ESPN Considers Subsidizing Wireless Plans For Heavy Video Users

Does anyone remember Mobile ESPN? Believe it or not, ESPN was actually acting as an MVNO way back in 2006, sending specific sports-related alerts to users on flip-phones and dumb-phones, a year before the iPhone changed everything we know about the mobile arena. That venture didn't last too long, and as smartphones became the norm, ESPN focused efforts on simply polishing up mobile apps that could send push alerts. Essentially, it accomplished the same thing, but with a lot less of the burden on ESPN itself.

But evidently there's an itch here that ESPN just can't help but scratch once more. The Wall Street Journal is reporting that ESPN is considering subsidizing wireless data plans for those who stream a lot of video and audio. Things like WatchESPN and the ESPN Radio app both pull down massive amounts of data, and it's ESPN who loses when people start to ignore those apps due to being mindful (or just scared) of their monthly data cap. The report suggests that ESPN is talking with at least one carrier about subsidizing data plans, with the idea being any data used to view ESPN content not counting against the monthly allotment.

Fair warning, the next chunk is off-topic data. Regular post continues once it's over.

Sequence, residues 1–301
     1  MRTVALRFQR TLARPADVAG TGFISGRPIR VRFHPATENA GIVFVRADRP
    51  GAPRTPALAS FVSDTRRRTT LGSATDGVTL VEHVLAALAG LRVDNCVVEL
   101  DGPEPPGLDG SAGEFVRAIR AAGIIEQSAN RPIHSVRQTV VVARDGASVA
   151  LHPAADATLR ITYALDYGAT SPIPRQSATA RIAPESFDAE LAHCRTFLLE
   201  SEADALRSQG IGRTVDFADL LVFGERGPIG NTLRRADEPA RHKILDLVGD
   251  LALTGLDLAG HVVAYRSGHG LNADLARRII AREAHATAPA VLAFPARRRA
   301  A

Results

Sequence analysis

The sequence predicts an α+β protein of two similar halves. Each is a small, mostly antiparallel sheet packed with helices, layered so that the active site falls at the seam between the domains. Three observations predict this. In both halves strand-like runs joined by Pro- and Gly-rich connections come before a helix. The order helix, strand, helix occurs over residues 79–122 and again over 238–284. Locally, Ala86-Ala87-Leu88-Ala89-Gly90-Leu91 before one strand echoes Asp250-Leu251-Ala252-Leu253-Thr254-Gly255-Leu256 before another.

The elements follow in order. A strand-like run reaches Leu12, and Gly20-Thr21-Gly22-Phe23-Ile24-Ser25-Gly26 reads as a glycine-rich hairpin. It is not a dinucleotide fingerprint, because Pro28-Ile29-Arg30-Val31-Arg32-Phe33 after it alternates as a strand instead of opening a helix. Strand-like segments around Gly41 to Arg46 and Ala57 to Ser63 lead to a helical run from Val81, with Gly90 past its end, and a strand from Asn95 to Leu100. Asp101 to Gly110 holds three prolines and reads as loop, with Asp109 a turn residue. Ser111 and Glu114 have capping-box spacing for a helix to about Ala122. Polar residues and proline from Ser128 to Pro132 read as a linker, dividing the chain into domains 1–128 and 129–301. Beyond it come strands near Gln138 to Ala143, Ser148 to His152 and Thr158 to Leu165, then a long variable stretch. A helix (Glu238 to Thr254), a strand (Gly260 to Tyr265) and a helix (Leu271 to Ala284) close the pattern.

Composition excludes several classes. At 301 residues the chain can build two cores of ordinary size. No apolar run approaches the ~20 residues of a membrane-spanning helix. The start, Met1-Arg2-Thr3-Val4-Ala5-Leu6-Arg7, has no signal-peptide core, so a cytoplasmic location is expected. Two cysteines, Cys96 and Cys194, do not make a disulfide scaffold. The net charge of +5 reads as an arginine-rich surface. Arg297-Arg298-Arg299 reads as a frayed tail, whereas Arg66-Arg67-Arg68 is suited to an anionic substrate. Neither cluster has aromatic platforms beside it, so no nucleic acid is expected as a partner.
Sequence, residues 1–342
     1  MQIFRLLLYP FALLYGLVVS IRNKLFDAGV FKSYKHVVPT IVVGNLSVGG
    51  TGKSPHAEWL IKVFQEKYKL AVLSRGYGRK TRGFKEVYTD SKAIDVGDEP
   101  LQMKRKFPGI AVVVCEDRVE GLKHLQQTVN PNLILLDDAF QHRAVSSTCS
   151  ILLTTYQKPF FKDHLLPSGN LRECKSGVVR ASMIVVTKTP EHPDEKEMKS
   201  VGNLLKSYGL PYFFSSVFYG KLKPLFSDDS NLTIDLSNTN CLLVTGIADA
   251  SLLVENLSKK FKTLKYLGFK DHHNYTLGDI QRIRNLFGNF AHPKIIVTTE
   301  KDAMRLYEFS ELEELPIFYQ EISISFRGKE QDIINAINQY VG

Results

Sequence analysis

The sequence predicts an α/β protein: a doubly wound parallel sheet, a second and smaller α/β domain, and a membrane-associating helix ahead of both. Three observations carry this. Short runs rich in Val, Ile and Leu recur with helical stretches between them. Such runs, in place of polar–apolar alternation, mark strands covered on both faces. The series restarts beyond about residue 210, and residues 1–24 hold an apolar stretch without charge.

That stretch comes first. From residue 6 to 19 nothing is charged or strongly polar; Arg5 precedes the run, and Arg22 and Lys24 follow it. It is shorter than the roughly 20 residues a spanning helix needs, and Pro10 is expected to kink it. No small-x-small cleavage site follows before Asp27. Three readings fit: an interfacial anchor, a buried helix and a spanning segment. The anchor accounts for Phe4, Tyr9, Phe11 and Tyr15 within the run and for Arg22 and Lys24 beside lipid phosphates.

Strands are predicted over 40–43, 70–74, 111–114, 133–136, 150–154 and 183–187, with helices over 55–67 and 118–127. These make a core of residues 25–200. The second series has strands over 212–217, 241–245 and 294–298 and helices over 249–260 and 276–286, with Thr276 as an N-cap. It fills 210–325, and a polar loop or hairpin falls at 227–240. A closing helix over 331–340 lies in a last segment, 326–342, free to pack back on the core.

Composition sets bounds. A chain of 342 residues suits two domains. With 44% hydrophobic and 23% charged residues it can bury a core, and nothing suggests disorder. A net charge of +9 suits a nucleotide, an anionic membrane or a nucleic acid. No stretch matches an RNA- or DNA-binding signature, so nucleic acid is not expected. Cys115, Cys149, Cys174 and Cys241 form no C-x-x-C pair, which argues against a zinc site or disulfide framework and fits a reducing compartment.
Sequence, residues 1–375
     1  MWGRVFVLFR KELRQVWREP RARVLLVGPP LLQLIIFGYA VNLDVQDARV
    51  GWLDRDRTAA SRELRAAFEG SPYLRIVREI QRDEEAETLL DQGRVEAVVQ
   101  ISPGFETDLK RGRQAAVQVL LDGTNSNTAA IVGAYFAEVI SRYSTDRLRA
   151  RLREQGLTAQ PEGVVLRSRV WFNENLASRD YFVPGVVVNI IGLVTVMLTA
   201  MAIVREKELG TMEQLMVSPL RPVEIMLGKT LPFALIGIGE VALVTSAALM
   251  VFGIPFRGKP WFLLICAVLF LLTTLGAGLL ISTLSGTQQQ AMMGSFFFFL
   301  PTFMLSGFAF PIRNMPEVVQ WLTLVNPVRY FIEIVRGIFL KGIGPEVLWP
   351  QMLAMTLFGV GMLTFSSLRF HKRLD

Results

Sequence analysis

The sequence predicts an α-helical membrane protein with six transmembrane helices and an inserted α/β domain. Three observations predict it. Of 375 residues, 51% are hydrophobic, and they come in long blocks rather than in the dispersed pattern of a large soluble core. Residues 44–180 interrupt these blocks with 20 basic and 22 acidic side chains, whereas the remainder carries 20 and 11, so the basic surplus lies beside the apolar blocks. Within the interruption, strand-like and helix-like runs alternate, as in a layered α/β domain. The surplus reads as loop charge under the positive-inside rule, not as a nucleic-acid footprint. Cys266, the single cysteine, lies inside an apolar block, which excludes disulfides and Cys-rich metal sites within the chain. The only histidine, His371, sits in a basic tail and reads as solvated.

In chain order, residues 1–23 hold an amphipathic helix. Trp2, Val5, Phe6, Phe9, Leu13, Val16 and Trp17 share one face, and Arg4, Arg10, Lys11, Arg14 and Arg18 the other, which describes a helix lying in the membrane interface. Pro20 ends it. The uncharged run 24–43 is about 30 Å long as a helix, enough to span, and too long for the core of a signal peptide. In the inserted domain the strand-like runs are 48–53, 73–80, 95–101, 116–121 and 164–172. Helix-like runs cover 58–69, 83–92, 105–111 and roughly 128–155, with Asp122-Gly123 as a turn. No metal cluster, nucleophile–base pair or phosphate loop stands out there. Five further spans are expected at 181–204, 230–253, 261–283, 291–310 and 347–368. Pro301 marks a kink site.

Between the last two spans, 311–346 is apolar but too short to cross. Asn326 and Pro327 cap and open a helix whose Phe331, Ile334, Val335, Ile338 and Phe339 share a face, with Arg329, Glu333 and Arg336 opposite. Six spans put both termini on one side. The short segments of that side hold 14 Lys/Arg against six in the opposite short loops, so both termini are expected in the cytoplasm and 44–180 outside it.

It's unclear if the arrangement is going to work out -- there are a lot of pieces in play, and the economics of such a deal are obviously complex. While this may seem interesting now, it's likely to usher in a new way of paying for data. Instead of a user paying for a bucket that everything touches, advertisers or content creators could chip in and help out if the wireless user is a subscriber of that particular service. At one point, mobile share plans were considered a pipe dream, and now they're a reality. Something tells us this type of situation is just a few years away at most.